What I did on my summer (also winter, spring and fall) vacation
by Cleo Paskal, BA’90
Oh, I’ve heard the rumours going around. So let me set the record straight. Sure I’m always on the move, travelling to obscure corners of the world, but contrary to popular belief, I am not an illicit tulip bulb smuggler. Or a spy. Or even a trafficker in genetically engineered DNA culled from the rain forests of Papua New Guinea and altered in secret government labs deep in the bowels of McGill’s Stewart Biology Building.
Since bursting out of the Roddick gates in 1990, I have yet to spend more than three months in one place. I’ve roved from Timmins to Timbuktu, from Sudbury to Samoa, from Sault Ste. Marie to Sioux City, Iowa. Yes, I belong to that most envied of all professions:
I am a travel journalist (albeit one with a bizarre soft spot for industrial small town Ontario).
Don’t hate me. Despite what the newspaper travel pages would like you to believe, it isn’t all white sand beaches and blood red sunsets. What most travel sections tend to leave out are the trips that result in, say, extended hospital stays. I personally have been hospitalized at least once on almost every continent.
It’s incredible what you can learn about a place by spending some time in its hospitals. Or by trying to spend time in its hospitals. In London, I had a freak, severe allergic reaction to the elephants in the London Zoo.
It happens, okay? Just, it seems, not to anyone else.
I had to get to Emergency pronto, before I died from anaphylactic shock. I called 911 only to be told there was no service at that number. After trying a variety of combinations, 119, 991, 111 — even, in a fit of desperation and perversion, 666 — I finally got through to an operater at 999.
The British version of Lily Tomlin said that, rather than wait for an ambulance, I should take a cab, it would be quicker. When I finally made it to the hospital, the doctors were so thrilled with my case, I spent my entire stay being used as a teaching tool:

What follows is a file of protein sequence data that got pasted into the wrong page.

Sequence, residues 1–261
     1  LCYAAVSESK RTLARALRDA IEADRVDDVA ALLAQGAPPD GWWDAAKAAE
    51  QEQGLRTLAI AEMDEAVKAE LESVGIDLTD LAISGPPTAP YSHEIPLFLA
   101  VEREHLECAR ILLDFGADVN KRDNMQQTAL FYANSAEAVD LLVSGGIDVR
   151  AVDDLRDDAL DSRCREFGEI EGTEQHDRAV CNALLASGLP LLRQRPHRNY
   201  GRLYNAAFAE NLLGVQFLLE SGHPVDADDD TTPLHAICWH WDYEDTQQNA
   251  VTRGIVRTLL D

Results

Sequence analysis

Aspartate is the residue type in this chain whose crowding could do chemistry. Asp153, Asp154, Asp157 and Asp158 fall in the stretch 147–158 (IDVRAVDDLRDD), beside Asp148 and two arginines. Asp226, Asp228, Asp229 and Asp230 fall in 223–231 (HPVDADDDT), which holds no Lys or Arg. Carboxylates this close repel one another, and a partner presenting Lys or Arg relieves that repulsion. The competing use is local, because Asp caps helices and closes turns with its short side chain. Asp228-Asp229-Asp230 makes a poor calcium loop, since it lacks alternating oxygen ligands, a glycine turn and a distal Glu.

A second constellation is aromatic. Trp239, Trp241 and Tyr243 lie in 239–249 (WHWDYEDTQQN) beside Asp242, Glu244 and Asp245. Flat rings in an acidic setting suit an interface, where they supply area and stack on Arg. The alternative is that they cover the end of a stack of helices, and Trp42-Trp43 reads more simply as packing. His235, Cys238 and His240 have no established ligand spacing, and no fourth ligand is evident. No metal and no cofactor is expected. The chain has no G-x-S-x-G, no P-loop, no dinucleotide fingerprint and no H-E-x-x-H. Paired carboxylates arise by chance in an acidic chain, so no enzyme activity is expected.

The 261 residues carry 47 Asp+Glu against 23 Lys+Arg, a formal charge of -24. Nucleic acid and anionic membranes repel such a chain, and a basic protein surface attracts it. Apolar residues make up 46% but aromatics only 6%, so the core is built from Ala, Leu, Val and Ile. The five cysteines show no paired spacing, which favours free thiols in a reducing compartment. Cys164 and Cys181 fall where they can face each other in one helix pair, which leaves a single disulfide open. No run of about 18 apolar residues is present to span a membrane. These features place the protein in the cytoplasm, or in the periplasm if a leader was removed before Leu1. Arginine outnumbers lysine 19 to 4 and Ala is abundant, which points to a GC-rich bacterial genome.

“And here, in bed 325, we have the Elephant Lady. Tell us, Elephant Lady. What happened?”
“I had an allergic reaction to an elephant.”
Having learned my lesson, when I had an allergic reaction to aspirin in Paris (my immune system has a mind of its own — the mind of a deranged five-year-old), I didn’t even try to call an ambulance, I immediately stumbled out of my hotel and hailed a cab. The only problem was, the driver didn’t know where the hospitals were — a fact he wasn’t ready to admit.
After circling for eons, with me passing out in the back seat, he finally decided it was my fault he couldn’t find the hospital and kicked me out of the cab on an abandoned street corner. After charging me, of course. I actually can’t remember how I ended up getting to Emergency.
And then there was the time I caught dengue fever in the South Pacific and had to be treated by the only doctors within a thousand miles, a charming Estonian couple with no training whatsoever in tropical medicine.
They had such little faith in their own hospital that they refused to let me stay there since they thought it likely I would catch tuberculosis from another patient.
You get the idea.
“But,” I hear you object, “how about all the fabulous places you get to see? Doesn’t that make it all worthwhile?”
Do you mean that eight-day white water rafting trip down the Zambezi that left from the foot of Victoria Falls? Did you know that hippos kill more people than any other mammal in Africa? And that the Zambezi is full of hippos? And ‘gators? And that the snake we found slithering on the bottom of our raft was, in fact, poisonous?
“OK,” you continue persistently, “but how about all the interesting people you get to meet?”
What, like the officer that arrested me in South Africa for traveling on a “Blacks Only” bus? Or the drunken Louisiana cop who thought it would be a really good idea if we headed back to his place? Or, scarier still, the seemingly endless legions of sadistic immigration officers?
No, it ain’t all white sand beaches and technicolour sunsets. And don’t believe any travel rag that tells you so. But the job does have its perks. I have good friends all over the world, some who have saved my life and one (in Samoa) who named her daughter after me. I get to see my far flung University pals more often than most.
And, best of all, I don’t have to find innovative places to hide tulip bulbs.
Cleo Paskal has done travel pieces for the BBC, the Independent, the Economist, and a variety of other non-Canadian organizations, which is why her friends and family at home never believed her when she told them what she did. To rescue her reputation, she is now a travel columnist for Canada’s newest daily, the National Post.